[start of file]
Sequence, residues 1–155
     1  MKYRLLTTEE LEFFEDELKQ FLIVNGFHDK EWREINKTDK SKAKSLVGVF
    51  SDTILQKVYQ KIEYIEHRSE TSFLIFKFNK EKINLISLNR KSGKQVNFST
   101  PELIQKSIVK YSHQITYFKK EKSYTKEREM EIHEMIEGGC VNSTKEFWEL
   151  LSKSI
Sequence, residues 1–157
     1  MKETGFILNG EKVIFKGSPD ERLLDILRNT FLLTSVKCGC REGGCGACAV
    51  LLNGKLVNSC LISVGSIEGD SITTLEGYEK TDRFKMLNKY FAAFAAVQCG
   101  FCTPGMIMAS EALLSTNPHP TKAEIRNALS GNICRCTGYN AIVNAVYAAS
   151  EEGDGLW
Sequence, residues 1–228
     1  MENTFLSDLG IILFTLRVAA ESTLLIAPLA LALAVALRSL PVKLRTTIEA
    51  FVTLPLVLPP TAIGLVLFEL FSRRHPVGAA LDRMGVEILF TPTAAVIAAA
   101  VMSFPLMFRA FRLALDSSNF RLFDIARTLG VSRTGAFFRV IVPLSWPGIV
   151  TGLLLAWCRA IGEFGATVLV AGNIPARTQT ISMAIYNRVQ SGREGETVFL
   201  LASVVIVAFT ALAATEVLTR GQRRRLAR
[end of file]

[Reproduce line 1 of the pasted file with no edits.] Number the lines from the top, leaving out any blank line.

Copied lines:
Sequence, residues 1–155